Photo Essay

Picture glistening rivers and the public leisurely kayaking and fishing in waterways and lakes – the beautiful, breathtaking kind you see on postcards.

Singapore is on its way to become just that. The still-underway ABC (Active, Beautiful & Clean) Waters program by the Public Utilities Board (PUB) falls in line with Prime Minister Lee Hsien Loong’s vision of Singapore as a City of Gardens and Water, and aims to maximize the potential of 8,000 km of waterways and 17 reservoirs for more than just a source of water.


Among others, Marina Barrage / Reservoir, Lower Seletar Reservoir and Sengkang Floating Wetland are prime examples of how the ABC Waters program has drastically beautified the face of waterways in Singapore. With the construction of wooden walkways and planted gardens surrounding the clean water bodies, these concrete canals have been transformed into massively popular hubs for leisure activities over the years.


One of the newer additions to this roster is Punggol Waterway Park, which is meant to brand Punggol as a center for water activities. In the coming years, more waterway parks like Punggol’s will be constructed, with the purpose of creating more opportunities for people to partake in water activities in Singapore’s water bodies.


1 such water activities is the popular sport dragon boating. “Dragon boating as a team sport has its pros and cons. Training and racing is so much easier when there are people doing it with you in the same boat,” said Felicia Lee, 20, a national dragon boater.


Another water activity easily available to the public is kayaking. “Kayaking is my favorite sport. I don’t even like to exercise but I do like water. I come here once every few weeks with friends to enjoy the scenery, look at the wildlife, take a rest, and just have fun. I can’t do all that on land!” said Piyarat “Prang” Weerachanchai, 33, who was kayaking with her colleague, 28 year old Xue Dong.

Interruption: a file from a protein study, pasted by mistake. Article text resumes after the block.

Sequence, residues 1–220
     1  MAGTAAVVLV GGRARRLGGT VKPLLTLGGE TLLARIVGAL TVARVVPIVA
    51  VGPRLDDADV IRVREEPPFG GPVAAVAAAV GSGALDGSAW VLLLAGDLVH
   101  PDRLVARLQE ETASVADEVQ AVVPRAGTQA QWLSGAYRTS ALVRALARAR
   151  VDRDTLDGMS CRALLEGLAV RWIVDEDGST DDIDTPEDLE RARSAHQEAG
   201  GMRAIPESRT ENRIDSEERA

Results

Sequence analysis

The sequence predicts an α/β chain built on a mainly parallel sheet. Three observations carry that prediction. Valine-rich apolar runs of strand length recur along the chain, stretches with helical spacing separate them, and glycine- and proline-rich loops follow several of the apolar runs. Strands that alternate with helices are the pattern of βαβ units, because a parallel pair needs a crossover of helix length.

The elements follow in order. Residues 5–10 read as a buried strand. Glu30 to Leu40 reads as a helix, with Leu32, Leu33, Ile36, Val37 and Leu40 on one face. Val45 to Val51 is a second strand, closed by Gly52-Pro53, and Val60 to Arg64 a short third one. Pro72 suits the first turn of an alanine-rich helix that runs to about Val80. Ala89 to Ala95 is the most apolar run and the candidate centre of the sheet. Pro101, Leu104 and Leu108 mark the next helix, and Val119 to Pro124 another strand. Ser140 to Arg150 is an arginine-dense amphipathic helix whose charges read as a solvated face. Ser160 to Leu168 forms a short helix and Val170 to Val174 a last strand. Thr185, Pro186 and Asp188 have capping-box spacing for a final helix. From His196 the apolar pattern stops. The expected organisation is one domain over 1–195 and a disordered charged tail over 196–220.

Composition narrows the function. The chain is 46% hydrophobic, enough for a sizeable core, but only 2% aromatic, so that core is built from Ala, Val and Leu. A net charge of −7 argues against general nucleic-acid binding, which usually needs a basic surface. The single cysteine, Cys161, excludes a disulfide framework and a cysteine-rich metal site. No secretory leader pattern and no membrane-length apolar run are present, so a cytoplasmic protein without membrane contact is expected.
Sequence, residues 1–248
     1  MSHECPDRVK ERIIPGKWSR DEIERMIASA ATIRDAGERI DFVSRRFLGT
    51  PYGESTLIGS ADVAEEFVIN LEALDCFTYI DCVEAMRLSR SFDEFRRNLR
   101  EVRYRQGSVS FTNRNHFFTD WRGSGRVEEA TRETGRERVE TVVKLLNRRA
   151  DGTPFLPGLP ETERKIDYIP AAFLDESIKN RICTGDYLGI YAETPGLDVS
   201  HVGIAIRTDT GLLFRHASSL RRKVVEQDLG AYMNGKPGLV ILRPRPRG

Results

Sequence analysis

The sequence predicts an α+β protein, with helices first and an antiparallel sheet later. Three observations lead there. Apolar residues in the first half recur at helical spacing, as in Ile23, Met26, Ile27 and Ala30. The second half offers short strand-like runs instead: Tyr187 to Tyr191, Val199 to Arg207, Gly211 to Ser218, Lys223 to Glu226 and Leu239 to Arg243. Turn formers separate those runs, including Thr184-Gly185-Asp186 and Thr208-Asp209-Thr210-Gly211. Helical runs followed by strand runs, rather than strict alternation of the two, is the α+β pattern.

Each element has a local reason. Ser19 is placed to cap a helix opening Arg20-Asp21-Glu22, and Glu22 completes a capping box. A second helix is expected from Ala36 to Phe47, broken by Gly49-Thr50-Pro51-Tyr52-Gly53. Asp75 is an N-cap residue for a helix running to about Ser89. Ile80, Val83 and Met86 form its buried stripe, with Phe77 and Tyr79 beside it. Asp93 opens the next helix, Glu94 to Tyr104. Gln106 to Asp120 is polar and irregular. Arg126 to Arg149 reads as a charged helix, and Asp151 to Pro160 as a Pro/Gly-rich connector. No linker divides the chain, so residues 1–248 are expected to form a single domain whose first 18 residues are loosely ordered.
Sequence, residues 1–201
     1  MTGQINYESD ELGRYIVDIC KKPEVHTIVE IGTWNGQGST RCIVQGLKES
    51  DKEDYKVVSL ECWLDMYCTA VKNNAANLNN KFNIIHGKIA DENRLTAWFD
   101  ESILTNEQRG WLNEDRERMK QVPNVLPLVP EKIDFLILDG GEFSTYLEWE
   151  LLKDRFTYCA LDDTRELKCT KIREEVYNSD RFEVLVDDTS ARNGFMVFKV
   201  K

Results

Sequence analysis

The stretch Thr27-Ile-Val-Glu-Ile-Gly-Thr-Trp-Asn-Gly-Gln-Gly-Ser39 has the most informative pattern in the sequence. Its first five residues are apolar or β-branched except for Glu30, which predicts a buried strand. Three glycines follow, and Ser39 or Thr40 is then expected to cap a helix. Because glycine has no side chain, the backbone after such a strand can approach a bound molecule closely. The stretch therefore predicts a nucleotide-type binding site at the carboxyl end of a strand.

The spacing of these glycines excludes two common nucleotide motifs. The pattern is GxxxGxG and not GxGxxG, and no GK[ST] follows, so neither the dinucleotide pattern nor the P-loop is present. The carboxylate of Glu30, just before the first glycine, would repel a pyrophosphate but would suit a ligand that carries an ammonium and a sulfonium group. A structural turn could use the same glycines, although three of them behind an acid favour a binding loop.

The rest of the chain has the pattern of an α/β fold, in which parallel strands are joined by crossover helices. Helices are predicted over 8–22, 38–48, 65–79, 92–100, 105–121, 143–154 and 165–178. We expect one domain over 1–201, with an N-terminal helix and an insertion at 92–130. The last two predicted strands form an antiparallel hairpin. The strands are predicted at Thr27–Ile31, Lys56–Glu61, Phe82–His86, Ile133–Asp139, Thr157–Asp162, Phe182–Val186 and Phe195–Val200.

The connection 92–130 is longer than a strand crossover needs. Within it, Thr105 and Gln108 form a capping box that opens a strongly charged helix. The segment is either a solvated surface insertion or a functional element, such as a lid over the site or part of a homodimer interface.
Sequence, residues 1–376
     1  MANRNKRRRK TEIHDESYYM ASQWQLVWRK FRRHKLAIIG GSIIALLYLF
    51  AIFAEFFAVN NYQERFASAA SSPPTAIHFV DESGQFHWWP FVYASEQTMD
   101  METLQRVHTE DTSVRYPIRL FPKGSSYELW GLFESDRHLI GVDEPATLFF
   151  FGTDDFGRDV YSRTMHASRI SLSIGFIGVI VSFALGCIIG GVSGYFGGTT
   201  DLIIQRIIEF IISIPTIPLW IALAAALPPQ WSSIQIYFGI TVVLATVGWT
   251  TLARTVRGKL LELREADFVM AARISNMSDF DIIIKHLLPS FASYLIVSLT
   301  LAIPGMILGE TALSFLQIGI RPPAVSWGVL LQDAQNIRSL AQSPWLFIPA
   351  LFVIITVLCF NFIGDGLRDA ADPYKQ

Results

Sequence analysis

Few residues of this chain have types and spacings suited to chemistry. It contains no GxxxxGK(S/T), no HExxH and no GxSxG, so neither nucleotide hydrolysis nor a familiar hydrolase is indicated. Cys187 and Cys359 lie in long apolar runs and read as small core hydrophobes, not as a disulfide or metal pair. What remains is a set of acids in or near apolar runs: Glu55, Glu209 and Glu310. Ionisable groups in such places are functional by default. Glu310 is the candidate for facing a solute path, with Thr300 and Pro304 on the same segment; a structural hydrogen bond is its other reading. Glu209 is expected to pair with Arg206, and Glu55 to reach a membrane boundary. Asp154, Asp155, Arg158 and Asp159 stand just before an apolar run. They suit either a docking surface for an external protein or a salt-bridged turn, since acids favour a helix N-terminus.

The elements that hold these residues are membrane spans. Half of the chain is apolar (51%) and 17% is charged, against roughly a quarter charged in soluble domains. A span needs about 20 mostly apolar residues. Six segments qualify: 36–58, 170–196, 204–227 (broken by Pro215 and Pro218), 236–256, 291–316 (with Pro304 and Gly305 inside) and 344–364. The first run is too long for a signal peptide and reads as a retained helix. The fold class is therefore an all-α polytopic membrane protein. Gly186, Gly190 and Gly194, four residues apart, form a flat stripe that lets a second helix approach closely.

If you’re into something more intense, wakeboarding’s worth a try. “Wakeboarding has become a niche sport, and it’s also a lot tougher than other water sports. My generation (Gen X) back then were more gung-ho. It’s quite funny, but a lot of wakeboarders now are either foreigners or nerds,” said Melanie Tan, 37, a lifestyle consultant.


But if you’re looking to relax instead of working out to buckets of sweat, fishing’s a cool option too. “Fishing is all about disengaging from our busy work life, dropping a line into the water, and enjoying the great outdoors. A bite is a bonus. I say a bad day of fishing beats a good day at work! It’s different from land sports because it isn’t as strenuous, and is suitable for all ages,” said Dexter Sim, 38, an education officer.


At the end of a day, one of the best things to do would be to simply relax by the water and watch the sunset at a reservoir or waterway, which is much calmer than the ocean. You might even think it’s a tad more romantic.

We are surrounded by water bodies and with the government agencies stepping in to promote and spruce them up over the next few years, our waterways and reservoirs are only beginning to get busy. Don’t be surprised to find your neighbor rowing a kayak at a reservoir near you.